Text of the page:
In Flanders’ Fields

A century ago, the First World War was in full swing.  The battle for Ypres was taking place in April 1916 and it was the first time phosgene gas was used.  It is difficult to believe that out of this carnage and bloodletting, some lovely music, poetry and art was created.

At the last meeting, Richard Seal played a selection of pieces which were composed during the time of the war or inspired by it.  Richard was much moved by visits to the war graves in Flanders including Vimy Ridge, Arras and Thiepval where he hopes to go to again.

He began with A Shropshire Lad by George Butterworth who died on the Somme in 1916 aged just 31.  This is a familiar piece and his death was a great loss to music.  This was followed by the last movement of Morning Heroes by Sir Arthur Bliss who lived until 1975 but who lost his brother in the conflict.  He returned to the battlefield in 1928 and this piece was the result of that visit.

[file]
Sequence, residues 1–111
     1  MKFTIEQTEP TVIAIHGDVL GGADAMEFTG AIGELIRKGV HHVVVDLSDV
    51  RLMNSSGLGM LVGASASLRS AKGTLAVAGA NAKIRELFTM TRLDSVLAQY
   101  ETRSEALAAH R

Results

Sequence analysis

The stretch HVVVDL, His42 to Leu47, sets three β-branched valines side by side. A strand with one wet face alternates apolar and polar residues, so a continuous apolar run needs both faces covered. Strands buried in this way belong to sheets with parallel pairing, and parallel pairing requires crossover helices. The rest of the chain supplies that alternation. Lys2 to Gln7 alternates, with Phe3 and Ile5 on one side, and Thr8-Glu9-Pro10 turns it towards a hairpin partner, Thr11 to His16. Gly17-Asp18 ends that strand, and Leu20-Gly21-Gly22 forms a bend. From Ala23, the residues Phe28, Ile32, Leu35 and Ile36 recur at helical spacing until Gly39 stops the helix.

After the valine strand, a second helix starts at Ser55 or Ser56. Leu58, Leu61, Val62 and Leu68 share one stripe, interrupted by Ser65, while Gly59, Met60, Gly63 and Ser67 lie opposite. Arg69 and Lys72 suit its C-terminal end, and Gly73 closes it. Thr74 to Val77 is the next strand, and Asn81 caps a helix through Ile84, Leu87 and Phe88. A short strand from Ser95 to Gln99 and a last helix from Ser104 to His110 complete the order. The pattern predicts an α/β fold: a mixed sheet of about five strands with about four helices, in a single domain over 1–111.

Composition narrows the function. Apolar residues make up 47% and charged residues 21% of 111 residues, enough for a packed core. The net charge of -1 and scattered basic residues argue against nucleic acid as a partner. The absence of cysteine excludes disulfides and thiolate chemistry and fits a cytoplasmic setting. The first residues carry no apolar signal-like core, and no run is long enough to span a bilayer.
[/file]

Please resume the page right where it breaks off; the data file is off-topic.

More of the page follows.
This was followed by Three songs by Ivor Gurney.  Gurney had a troubled life and was both a poet and composer.  He was gassed while serving with the Gloucester regiment but his biggest problem was his mental health.  At the time he was thought to be the greatest of his generation but his full promise never materialised.

Britten was too young for the war but his War Requiem, which was composed for the consecration of Coventry Cathedral destroyed in WWII, was inspired by the poems of Wilfrid Owen who regrettably died a week before the Armistice.

This was followed by an Elegy for strings and harp by Frederick Kelly who died in 1916. An Australian he also had a gold medal for rowing in the 1908 Olympics and this elegy was in memory of Rupert Brooke who also lost his life.

Some pieces by Charles Ives followed including In Flanders’ Fields composed in 1917.

The evening finished with the last movement of the Pastoral Symphony by Vaughan Williams.  The First World War, in which he served in the army in the medical corps, had a lasting emotional effect.

It was a fascinating evening and the presenter’s erudition about this moving period of our history shone through.


The next meeting is on April 18th

peter curbishley

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